"We have struck iceberg. . .sinking fast. . .come to our assistance." Burning the airwaves came those words late in the cold evening of 1912. Before they tapped the last bit of Morse code, those words became the epitaph over the lives of the 1200 people lost on the Titanic. The ship was doomed and it was slowly sliding into its watery grave. Why did the largest, most advanced ship of the century sink? Those of us who studied the Titanic or at least saw the movie may know why. It wasn't the iceberg causing the disaster. It was something else. Clear in my mind was the real cause--leadership had failed.
The Titanic still rests on the bottom of the ocean, but we can resurrect the truth. The lessons we learn can help our businesses stay on course and improve our ability to lead others.
Leadership is Always Responsible- Leadership is more than a wooden figurehead. Leadership is not a position, a job title or in this case, merely the captain of the ship. Leadership is not just power, ego, and self-centered pride. Leadership is both science and art. Leadership is ever present, touching, motivating, talking, and checking, barrier removing, training, preparing, breathing, and heading toward one particular azimuth. Management is a 8 to 5 obligation; leadership is a 24 hour-a-day responsibility.
This was Captain E.J. Smith's retirement trip. He was headed for the easy life. All he had to do was get to New York. God only knows why he ignored the facts, why he ignored seven iceberg warnings from his crew and other ships. Responsibility can't be delegated. Leadership is responsible for everything the organization does or fails to do. In a disaster, the Captain goes down with the ship..
Biggest Is Not the Best- The larger an organization becomes, the greater its inflexibility. The more difficult and cumbersome to steer, to direct and to change. It soon becomes a bureaucracy where rules, regulations, policies, procedures and "I need permission to make a decision" becomes the norm. Today's businesses must adjust course quickly. It took over 30 seconds before the Titanic turned away from the iceberg, but then it was too late.
Rank Has It's Privileges- Ranking is good for command and control, not good for change and innovation. Ranking people limits potential. Today, businesses rank and classify people-sometimes unintentionally. However, the results are the same. Whether it is simply reserved parking spaces, blue collar, white collar, temporary, part-time, those with cubicles, those with desks etc. Ask yourself, when the ship sinks, who gets in the lifeboats first? Who gets severance pay, bonus, stock options or nice hotels. Clear the lines between the classes and make everyone feel they are rowing in the same direction for the same purpose. Make people feel like equals.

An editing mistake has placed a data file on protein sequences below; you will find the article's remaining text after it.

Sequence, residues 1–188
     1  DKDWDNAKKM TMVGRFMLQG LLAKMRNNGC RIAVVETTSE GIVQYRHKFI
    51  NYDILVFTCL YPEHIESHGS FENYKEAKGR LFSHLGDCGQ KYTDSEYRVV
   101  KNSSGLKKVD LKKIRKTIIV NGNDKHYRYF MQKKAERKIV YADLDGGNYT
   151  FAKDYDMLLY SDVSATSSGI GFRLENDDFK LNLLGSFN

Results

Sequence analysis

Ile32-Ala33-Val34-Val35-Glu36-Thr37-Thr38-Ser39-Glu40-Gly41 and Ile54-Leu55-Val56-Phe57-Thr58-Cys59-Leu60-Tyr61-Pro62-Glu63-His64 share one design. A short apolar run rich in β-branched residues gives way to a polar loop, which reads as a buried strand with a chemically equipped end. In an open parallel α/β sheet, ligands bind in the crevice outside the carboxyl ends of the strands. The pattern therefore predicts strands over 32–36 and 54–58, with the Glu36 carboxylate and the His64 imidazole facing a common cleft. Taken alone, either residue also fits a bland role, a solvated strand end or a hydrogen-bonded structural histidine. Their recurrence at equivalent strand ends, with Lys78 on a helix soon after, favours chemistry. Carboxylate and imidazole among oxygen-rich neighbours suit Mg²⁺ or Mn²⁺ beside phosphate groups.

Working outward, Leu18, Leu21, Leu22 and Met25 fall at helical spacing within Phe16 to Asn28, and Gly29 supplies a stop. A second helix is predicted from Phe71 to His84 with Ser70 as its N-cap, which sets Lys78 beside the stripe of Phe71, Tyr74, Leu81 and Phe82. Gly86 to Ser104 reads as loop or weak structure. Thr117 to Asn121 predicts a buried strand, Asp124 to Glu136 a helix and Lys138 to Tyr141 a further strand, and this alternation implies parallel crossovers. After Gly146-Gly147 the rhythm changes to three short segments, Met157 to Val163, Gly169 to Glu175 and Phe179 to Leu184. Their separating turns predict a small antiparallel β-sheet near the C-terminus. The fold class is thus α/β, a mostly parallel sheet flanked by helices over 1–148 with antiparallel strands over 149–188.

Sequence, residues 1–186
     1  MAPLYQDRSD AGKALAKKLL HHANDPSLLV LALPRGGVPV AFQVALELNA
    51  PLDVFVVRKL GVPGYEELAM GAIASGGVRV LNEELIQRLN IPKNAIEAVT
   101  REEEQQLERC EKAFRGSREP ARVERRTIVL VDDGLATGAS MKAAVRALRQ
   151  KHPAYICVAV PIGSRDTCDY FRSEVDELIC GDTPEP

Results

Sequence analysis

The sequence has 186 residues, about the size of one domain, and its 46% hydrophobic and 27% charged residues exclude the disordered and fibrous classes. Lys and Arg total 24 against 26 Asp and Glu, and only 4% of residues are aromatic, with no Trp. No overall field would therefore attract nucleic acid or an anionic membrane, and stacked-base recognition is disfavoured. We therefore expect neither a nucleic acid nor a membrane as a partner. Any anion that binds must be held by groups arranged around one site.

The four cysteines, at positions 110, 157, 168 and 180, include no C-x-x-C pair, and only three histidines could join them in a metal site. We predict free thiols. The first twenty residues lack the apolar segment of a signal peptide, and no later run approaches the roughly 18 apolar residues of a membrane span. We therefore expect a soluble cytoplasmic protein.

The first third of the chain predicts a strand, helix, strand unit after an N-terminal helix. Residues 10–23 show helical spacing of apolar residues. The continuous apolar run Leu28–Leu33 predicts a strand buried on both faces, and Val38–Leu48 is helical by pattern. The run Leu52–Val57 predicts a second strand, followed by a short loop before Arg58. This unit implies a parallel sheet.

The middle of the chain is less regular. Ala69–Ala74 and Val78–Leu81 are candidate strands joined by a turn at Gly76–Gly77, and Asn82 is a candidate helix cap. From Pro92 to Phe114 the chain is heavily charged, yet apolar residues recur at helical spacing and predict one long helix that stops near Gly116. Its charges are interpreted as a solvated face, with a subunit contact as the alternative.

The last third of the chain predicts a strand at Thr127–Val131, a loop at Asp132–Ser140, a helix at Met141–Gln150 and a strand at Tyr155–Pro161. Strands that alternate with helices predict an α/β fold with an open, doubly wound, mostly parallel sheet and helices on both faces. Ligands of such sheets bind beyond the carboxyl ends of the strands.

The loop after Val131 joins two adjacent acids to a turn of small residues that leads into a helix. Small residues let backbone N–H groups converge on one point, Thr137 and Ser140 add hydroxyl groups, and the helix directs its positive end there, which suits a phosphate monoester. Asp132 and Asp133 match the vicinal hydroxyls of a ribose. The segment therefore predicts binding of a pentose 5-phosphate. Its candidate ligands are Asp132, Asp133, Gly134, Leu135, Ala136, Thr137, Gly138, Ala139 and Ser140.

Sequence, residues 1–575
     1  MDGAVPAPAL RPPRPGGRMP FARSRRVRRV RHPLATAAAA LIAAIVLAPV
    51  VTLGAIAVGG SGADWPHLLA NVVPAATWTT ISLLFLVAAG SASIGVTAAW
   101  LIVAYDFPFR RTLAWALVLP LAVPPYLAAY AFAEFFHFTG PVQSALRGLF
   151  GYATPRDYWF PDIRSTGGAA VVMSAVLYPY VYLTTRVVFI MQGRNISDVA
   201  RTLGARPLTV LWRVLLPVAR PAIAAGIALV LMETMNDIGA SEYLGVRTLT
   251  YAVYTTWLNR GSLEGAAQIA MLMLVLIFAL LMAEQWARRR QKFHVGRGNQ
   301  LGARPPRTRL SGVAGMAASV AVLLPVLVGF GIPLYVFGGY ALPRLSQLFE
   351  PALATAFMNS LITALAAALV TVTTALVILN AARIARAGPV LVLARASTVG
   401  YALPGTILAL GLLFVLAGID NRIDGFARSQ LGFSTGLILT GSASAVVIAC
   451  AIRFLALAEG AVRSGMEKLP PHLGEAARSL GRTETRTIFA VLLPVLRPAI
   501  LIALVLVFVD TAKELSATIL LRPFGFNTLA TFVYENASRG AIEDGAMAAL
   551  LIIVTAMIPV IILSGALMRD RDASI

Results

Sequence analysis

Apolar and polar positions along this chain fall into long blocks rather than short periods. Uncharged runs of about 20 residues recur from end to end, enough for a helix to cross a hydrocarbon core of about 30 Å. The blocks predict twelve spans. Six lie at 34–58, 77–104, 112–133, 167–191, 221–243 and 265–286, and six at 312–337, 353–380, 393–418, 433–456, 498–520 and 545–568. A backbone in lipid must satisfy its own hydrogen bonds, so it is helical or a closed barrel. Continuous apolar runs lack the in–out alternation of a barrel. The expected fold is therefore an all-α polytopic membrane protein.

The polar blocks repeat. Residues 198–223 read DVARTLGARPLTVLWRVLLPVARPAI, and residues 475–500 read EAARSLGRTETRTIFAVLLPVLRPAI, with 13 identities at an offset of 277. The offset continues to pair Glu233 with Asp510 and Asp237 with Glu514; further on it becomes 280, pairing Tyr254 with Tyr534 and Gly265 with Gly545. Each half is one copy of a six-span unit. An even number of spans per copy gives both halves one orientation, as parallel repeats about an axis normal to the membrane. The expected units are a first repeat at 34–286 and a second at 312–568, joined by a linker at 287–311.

The Truth Changes- The Titanic was unsinkable. . .so they thought. So confident were they, that they only had enough life boats for half the passengers. The thinking that made us successful yesterday is the very same thinking that will cause us to fail tomorrow. Our unlearning curve must be greater than our learning curve.
Technology is Never a Substitute for Leadership- Someone said, The danger is not that computers will replace us. The real danger is when we start acting like computers. When technology fails, leadership must prevail. Captain E.J. Smith said years before the Titanic's voyage, "I cannot imagine any condition which would cause a ship to founder. Modern shipbuilding has gone beyond that." Many businesses today have replaced their leaders with technicians, their brains with a hard drive. So--when disaster strikes who is going to lead and will your technology pull you under?
Leadership is Always Training- As the stern of the Titanic lifted out of the water, the crew and passengers struggled with the lifeboats. There were no drills, no rehearsals and the crews stood unfamiliar with their responsibilities. The boats were improperly loaded and only one boat went back to try to recover survivors. Everyone is business today must be a trainer and mentor, not just the training department.
Leadership Looks Below the Surface- The greatest danger as well as the greatest opportunities lie below. The ocean in 1912 was like glass, deceptively dangerous. The biggest part of an iceberg lies below. . .unseen. Like steel fangs, it tore at the rivets along 300 feet of the Titanic's hull. Those below, the "crew and steerage," felt and saw the damage first. Like a gasping breath, the steam billowed above as chaos reigned below. Just like then and now, those who know what's wrong with your "ship" are those below. Furthermore, those below usually have the best ideas and solutions to your problems. Start looking toward those on the front-line for the ideas, problems and solutions. Do it before you hit the icebergs.
Leadership Looks Beyond the Horizon- Success gets organization's in trouble. A good "Captain" is on the lookout for changing trends, changing needs, storms and icebergs. Sam Walton identified the need and Sears didn't. Apple computer saw the need before IBM. The vision of the Sony Walkman existed in Akio Morita's mind before RCA. Mary Kay Ashe saw it and others didn't. Get the picture? Be out there looking for the next change.
The Moral of the Story- Few of us were alive when the Titanic sank, but all of us lost something that night. Hopefully, we recognize the lessons learned and chart our course toward the right direction. Let's don't make the same mistakes so to avoid our own Titanic's.